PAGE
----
The Mystery of Anastasia Nikolaevna Romanova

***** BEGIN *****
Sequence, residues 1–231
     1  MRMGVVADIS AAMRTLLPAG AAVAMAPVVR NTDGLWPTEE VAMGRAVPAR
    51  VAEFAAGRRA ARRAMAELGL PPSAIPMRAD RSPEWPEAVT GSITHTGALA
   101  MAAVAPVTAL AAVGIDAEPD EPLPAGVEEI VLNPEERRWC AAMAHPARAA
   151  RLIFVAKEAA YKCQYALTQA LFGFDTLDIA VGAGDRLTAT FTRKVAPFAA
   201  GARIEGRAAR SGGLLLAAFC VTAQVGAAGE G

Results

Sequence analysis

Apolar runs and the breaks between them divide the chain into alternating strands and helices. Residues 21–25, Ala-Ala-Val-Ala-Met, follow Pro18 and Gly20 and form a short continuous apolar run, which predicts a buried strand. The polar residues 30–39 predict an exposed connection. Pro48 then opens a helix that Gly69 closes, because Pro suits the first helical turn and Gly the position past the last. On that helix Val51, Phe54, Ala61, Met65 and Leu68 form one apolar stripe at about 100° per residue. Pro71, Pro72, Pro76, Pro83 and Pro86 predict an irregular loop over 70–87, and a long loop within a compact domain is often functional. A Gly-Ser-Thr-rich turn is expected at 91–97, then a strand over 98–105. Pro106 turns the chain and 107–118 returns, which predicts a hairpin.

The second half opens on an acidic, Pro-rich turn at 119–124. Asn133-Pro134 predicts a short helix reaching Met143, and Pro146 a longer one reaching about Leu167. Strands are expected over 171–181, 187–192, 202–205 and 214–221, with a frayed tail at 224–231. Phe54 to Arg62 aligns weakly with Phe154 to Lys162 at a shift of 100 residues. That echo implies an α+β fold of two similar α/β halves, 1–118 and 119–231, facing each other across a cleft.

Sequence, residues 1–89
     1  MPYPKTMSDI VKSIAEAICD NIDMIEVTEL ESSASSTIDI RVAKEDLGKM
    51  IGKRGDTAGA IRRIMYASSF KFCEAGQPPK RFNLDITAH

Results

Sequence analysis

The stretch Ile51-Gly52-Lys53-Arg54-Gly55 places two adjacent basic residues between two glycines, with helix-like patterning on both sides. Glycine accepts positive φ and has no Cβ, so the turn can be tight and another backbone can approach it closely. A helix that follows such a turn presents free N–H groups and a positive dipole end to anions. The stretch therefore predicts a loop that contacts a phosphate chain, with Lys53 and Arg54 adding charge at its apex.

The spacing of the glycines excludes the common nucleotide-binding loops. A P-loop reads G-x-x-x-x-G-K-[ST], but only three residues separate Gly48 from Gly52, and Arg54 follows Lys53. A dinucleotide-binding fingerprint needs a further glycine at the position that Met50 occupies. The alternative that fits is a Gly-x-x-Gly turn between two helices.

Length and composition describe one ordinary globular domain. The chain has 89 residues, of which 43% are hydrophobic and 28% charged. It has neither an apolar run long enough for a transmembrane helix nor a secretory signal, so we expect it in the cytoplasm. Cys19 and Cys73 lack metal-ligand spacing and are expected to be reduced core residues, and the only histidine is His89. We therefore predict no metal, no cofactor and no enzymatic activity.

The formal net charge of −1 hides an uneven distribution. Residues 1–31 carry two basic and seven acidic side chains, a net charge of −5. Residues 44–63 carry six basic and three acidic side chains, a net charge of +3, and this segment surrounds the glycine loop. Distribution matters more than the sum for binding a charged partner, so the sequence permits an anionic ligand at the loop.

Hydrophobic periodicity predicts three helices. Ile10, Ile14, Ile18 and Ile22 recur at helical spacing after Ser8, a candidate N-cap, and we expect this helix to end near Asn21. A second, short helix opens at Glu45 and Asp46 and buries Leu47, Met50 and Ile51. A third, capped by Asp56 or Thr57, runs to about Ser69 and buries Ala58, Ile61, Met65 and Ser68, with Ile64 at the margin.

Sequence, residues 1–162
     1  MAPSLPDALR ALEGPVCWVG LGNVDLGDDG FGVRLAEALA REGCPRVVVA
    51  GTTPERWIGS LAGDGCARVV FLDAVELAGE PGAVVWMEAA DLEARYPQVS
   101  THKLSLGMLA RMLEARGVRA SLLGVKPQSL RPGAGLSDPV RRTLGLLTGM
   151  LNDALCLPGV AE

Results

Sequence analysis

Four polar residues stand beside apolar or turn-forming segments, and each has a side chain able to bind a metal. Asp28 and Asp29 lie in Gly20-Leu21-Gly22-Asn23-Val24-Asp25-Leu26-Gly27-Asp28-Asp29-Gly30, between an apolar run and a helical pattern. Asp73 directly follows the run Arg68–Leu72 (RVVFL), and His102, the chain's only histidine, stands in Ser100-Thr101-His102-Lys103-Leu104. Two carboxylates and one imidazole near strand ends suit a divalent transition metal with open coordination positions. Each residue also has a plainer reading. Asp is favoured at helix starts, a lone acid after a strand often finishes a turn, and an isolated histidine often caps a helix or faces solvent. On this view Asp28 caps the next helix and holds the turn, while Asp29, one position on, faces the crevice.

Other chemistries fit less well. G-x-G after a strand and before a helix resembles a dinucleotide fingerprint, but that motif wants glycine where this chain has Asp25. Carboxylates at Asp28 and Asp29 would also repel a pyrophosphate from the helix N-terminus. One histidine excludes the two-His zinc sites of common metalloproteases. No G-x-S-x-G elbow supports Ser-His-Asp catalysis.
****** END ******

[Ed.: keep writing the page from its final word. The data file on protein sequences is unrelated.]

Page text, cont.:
Grand Duchess Anastasia Nikolaevna Romanova was the youngest daughter of the last Russian tsar, Nicholas II. Could it be possible that she survived the massacre of the Romanov family during the Russian Revolution? Rumors say that she and her brother were able to escape such horrible fate by being shielded from bullets by family jewels that were sewn into their clothes. The possibility could be there. Anastasia was born in Petrodvorets, Russia on June 18, 1901. Her mother was Princess Alix of Hesse-Darmstadt who became known as Empress after her marriage with her father Nicholas II, the final tsar of Russia. They married shortly after her grandfather died, Tsar Alexander III. Anastasia was one of five siblings. She had three older sisters named Olga, Tatiana, and Maria, and a younger brother named Alexei, who was heir to the throne. She was the tomboy in her family and was greatly loved. She grew up being taught by her mother in her younger years than eventually by a Swiss tutor. She was not much a studious child and would often bribe her tutors, though they would refuse. Anastasia was also known to be a great actress, though she reserved her talent only for her family and friends. For the most part the child lived fairly well until World War I. Seventeen years later after her birth, on July 16th, she and her family were executed by Bolshevik guards in Yekaterinburg, Russia, in their own basement. In 1991, forensic study identified the bodies of her family members and servants. They found only nine bodies; four were male and five were female. Three of the female skeletons were classified as children. Forensic scientist knew that there were four servants killed; three of them male and one female. That meant two bodies were missing. It was discovered that it was Anastasia and her brother, Alexei. The mystery of where they were was questioned and brought up many to have claimed they were her. In the 1920s, a woman by the name of Anna Anderson claimed to be the Romanova princess. Though many women said to be her, Anderson’s story drew a huge amount of publicity. The woman fought to prove herself as the one to claim Anastasia’s inheritance. However, she was rejected in 1970, and the mystery remained unsolved. Anderson continued to say she was Anastasia until her death in 1984. The CSI was able to get close enough to determine that Anna Anderson was not even Russia, let alone Anastasia. Yet there are still those who claim that she was the Grand Duchess. The mystery of Anastasia’s whereabouts inspired others to create movies, plays, and books. An Academy Award-winning film starring Ingrid Bergman was one of those inspirations.